Albeit the southwestern fatherland of Arizona is an arid dust bowl residential to desiccated tumbleweeds and a globetrotter’s “bucket list” destination of The Grand Canyon, a burgeoning twenty-something prose wordsmith is likewise domiciled within its sundry townships. Kaliane Faye, scribe to the time-honored literary craftsmanship of poetry, is, consequently, an artisan to her freshly published anthology, Moonrise. The extraterrestrial narrative is chronicled as, “On this two year journey to the moon, I found myself and came back down to earth with glitter in my hair, stardust in my shoes, a strength in my soul and a story worth telling.”
Sundered into a triad of an astronomical escapade, bookworms gallivant through “Crescent”, “Incomplete”, and “Full”, each segment harboring a respective thematic statement, yet collaboratively subscribing to the paramount motif of Moonrise: healing. The perilously cascading voyage down the ravine to tenderness and endearment to and within an individual’s self. The aforementioned is, fundamentally, Faye’s objective, which she divulged upon interviewing: “My goal with writing this collection was to hopefully inspire and empower. The right words can help people a lot, I believe. […] I hope I can make them feeling something, in some way, and I hope I’ve made their reading experience worthwhile [sic].”
Although, concurrently, Moonrise is self-serving; an overpass teeming with the conviction of closure for the anecdotalist, as construed by the distinguished preface:
“My oldest friend,
I picked up a pen
wrote it all down
and made my peace.
I am not angry anymore
I have forgiven but
I have not forgotten.”
Furthermore, Faye possesses an alternative stimulus for the terminal response, which she characterized as, “—being taken seriously as an author.” Through 152 leafs of paperback parchment, she elicits an acutely personal, yet profoundly relatable and empathetic tale—therefore, victoriously prosperous within this aspiration.
Alongside poignant compositions addressing the exposition, climax, and resolution of a psychologically, physically, and sexually abusive interpersonal relationship, Faye incorporates selections akin to the Girls Like Me trilogy—principally, Girls Like Me (Part II)—Spaced Out, One in Six, Injustice System, Daughters, Moon, and For Herself, to enumerate a few, which are pervaded with connotations of pertinent sociopolitical subject matters to the twenty-first century. Correspondingly, Bittersweet is rendered as an LGBTQ+ hymn, and a reflection of the storyteller themselves.
However, comprehensibly, the pursuit was not an unwrinkled, unblemished, clean-shaven thoroughfare to publication. Upon questioning with regards to the undertaking of orchestrating Moonrise, Faye imparted, “The process was a long one. I spent almost two years writing Moonrise because I wanted it to be as perfect as possible. I wrote whenever I had the time, and was always looking for inspiration [sic].”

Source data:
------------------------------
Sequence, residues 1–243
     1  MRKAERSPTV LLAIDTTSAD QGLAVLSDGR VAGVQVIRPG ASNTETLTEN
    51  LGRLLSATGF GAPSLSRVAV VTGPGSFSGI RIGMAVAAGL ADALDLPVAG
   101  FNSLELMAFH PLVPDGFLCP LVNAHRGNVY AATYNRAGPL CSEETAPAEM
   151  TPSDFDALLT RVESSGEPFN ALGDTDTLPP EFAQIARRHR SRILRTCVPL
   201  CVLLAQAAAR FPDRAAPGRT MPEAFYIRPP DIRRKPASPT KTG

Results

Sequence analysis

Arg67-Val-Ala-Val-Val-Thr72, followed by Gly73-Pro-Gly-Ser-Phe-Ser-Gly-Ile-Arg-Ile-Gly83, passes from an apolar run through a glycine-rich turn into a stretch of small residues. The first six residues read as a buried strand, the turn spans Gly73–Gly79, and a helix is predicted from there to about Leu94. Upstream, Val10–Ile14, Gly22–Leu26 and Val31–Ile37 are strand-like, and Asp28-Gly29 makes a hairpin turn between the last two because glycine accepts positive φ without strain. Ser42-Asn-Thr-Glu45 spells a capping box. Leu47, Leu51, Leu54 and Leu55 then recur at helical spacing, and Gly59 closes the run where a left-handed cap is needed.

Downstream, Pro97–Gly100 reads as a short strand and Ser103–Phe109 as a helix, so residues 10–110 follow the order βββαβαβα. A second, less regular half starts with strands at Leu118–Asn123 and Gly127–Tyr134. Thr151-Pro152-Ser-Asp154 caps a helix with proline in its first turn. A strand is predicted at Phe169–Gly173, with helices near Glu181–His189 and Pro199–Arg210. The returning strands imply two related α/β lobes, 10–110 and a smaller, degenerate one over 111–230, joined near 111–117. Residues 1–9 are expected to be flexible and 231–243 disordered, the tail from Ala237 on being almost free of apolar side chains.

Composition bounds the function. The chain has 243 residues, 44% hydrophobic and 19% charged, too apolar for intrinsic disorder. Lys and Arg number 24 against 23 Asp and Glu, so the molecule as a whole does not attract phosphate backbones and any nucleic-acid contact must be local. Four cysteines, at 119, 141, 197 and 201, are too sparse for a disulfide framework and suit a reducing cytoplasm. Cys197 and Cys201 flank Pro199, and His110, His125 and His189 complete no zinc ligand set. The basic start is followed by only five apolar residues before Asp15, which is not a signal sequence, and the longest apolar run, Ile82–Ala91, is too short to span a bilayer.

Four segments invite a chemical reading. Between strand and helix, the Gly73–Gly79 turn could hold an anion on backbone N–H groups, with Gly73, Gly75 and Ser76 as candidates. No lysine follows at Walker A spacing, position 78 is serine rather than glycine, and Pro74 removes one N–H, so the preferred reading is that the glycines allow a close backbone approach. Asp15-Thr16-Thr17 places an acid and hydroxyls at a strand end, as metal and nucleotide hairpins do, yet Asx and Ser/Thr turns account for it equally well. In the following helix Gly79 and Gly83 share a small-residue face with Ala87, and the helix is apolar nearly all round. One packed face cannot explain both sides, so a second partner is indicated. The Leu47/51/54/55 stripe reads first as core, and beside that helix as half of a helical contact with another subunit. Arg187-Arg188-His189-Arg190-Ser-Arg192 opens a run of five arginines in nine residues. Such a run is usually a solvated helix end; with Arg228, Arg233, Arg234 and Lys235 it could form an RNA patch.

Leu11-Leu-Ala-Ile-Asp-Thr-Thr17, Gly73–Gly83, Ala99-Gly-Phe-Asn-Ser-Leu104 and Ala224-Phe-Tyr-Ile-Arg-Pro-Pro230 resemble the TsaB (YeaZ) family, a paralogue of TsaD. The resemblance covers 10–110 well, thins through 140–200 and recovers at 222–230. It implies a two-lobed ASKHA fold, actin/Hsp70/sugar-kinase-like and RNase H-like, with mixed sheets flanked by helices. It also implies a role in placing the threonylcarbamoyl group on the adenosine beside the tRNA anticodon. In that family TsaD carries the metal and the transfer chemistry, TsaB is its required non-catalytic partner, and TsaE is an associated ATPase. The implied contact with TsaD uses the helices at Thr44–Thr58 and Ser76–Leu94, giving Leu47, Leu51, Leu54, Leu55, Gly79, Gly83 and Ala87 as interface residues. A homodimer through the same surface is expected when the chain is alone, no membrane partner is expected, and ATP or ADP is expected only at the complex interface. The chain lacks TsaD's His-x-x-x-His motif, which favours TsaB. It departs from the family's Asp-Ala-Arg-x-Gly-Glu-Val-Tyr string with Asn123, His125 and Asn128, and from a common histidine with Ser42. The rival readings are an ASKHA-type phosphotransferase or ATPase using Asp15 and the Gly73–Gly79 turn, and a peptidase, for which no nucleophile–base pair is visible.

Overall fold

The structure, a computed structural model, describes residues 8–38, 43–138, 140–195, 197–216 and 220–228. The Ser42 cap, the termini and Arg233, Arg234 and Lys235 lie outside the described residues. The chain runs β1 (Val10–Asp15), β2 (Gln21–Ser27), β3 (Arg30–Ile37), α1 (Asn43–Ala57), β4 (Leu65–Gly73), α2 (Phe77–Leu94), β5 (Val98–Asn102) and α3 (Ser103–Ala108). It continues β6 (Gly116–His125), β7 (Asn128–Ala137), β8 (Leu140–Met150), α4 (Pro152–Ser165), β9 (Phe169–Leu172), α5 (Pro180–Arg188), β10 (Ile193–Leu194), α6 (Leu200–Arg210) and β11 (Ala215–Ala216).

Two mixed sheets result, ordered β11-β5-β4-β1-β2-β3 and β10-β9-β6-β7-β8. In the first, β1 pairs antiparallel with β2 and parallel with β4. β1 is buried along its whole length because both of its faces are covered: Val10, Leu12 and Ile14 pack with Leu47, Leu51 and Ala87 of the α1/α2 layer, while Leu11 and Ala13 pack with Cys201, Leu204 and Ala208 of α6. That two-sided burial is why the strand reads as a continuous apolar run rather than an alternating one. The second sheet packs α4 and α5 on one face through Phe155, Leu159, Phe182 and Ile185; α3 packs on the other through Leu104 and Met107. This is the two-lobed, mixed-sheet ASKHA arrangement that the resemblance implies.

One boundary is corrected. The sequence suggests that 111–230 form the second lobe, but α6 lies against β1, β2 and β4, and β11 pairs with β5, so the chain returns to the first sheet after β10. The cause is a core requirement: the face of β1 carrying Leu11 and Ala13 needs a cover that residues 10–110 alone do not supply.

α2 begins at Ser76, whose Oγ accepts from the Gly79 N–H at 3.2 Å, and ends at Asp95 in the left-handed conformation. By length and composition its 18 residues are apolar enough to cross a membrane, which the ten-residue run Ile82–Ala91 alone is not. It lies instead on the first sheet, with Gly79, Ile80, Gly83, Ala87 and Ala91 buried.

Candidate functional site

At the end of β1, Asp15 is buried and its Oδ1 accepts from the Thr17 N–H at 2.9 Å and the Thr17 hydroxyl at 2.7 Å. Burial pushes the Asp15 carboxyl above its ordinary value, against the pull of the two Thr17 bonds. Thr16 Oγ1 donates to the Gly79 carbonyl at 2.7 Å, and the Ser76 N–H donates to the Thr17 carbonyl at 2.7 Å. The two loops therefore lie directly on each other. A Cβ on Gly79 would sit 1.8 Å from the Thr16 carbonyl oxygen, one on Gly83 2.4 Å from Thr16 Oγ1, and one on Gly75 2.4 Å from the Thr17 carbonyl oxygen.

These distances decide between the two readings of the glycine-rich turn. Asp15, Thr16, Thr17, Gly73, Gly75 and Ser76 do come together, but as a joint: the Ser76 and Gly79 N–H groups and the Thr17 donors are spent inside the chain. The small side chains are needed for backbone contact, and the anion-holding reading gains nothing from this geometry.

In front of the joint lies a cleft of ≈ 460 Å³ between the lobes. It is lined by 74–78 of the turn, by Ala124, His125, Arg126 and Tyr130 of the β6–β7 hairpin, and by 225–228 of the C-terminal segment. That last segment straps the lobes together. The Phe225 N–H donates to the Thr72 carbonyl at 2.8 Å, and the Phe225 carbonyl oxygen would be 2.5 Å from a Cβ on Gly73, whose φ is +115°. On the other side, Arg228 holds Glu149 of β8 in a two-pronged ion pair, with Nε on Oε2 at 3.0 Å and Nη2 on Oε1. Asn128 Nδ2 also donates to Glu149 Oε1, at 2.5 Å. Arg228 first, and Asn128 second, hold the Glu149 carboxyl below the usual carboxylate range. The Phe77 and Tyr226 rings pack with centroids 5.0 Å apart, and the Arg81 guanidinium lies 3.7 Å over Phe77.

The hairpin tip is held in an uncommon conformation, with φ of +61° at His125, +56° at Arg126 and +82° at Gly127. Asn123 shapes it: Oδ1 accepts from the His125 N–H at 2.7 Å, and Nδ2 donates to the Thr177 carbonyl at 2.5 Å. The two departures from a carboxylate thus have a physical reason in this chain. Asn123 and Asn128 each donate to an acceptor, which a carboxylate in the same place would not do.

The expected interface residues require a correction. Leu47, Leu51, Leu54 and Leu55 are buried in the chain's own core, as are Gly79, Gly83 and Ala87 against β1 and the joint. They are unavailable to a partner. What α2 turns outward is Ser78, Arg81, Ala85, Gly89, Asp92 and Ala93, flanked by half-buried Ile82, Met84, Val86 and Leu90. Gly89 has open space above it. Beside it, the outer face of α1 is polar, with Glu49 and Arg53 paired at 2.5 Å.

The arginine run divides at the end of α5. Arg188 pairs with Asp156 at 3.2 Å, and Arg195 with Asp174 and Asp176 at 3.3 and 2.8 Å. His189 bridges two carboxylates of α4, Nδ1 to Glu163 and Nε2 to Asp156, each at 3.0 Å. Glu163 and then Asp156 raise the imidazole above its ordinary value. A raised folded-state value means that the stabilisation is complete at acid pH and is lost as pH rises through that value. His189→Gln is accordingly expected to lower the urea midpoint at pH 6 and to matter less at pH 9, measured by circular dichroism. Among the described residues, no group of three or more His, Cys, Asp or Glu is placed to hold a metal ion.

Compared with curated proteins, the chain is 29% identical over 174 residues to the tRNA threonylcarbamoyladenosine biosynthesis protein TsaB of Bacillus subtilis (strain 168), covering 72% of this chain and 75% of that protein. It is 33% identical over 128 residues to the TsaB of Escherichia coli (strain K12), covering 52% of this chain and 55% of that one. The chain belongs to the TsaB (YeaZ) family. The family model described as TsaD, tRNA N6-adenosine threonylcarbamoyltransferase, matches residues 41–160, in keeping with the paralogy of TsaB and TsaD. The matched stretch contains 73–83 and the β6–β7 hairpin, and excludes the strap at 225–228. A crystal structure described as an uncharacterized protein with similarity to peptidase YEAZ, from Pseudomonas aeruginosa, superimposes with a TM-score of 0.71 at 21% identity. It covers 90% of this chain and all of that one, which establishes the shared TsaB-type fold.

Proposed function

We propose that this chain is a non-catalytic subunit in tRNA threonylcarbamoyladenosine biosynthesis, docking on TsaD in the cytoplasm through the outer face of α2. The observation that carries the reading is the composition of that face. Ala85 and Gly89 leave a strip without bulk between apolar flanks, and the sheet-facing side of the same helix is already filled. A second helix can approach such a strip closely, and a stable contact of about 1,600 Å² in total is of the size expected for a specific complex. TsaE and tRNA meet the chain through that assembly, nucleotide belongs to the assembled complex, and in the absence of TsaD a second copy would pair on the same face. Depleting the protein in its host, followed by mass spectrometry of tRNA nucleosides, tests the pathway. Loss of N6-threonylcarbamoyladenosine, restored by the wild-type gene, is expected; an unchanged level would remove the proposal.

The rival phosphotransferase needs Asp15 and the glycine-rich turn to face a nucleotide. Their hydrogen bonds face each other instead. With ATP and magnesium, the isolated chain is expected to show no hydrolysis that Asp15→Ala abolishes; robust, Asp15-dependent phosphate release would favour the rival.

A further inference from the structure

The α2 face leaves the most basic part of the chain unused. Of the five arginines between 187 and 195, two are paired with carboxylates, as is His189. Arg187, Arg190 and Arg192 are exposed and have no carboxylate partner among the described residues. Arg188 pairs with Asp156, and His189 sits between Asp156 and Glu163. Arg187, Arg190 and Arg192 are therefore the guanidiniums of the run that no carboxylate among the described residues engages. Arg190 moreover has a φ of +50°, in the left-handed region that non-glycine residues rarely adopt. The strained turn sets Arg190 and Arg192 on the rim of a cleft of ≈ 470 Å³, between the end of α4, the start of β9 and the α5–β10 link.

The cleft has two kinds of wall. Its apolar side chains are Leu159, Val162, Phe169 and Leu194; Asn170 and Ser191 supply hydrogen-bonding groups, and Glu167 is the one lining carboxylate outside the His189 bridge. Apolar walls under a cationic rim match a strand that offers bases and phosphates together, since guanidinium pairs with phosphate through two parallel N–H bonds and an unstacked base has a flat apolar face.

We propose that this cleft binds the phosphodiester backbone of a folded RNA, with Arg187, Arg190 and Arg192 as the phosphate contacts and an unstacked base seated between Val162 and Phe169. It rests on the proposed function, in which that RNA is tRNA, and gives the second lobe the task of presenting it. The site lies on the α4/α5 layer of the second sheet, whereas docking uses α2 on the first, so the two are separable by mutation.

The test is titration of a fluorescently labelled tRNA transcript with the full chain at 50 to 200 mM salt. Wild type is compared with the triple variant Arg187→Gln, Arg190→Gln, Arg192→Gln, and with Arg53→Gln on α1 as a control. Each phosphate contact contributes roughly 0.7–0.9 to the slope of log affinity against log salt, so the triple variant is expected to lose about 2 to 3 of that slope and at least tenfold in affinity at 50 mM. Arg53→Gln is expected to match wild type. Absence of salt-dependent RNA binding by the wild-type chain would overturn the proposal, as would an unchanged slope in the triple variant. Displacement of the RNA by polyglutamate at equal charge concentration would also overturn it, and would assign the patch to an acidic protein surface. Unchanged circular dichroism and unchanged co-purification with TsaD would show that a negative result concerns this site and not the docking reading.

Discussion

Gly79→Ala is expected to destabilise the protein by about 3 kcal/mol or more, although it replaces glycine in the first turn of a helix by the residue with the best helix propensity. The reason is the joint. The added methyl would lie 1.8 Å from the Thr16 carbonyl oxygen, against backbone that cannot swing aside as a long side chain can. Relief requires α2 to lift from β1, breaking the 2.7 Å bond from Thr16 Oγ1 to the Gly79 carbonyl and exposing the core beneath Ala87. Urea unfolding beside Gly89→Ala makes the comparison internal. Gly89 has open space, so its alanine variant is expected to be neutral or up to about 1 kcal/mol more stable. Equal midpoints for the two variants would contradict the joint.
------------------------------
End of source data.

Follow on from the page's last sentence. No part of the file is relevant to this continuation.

To admix to the potpourri of artistically commanding and domineering literature, Faye comprises a treasury of paragraph verses, encompassing the twosome of Coffee & Cigarettes, Abandoned, Leaving Him, A True Artist, The Street Kids, Twenty-Something, Kisses, and The Breakup, each of which are preferences of mine, Alexandria Piette, respectively.
The medley of inscriptions are tempestuous explorations of juvenescence, diagnosing toxicity within a partnership, whether platonic, romantic, or familial, the self-condemnation that habitually ensues, and the aftermath of acceptance whilst piloting upon a boulevard to recovery from the weathered trials and tribulations. Faye is unvarnished in limelighting that it is interminable and harrowing, and yet, when Full—“You are strong enough to carry the weight of the night until the sun rises in the morning.”
Moreover, enshrouded within Moonrise, there prevails indulgence for the Disney connoisseur, with odes to quintessential cinema and text, inclusive of Peter Pan, Alice in Wonderland, and Sleeping Beauty.
Perhaps the cardinal element of sensational achievement throughout Moonrise is that Faye is, in fact, self-published. When inquired with what her recommendations are to her camaraderie of sprouting novelists, Faye counseled, “My advice to anyone who wants to write or self-publish would be to take your time and be patient with yourself. The self-publishing process can be difficult, especially because sometimes you’re the only one helping you. I would tell them to try not to get too frustrated with writing or publishing, and to try to enjoy it as much as possible [sic].”
As for titles upon the horizon and toppling down the pike, Faye unveiled that she has, “—ideas pieced together for a second poetry collection, as well as a rough draft for a Young Adult #OwnVoices novel with a disabled lead!”
In addition, if you or a companion are enchantingly riveted and covet a print of Moonrise, visit Amazon for purchasing!
In conclusion, Kaliane Faye’s Amazon bibliography and biography may be followed here. With respect to mainstream social media platforms, Faye’s username is @moonrisekaliane throughout Twitter and Instagram.
Yet another ceremonious and wholehearted congratulations to a cherished kindred spirit and venerated virtuoso of mine. It was an unadulterated privilege to glimpse into the windowpane shutters of your embodiment through the winsomely captivating, expressive conduit of Moonrise.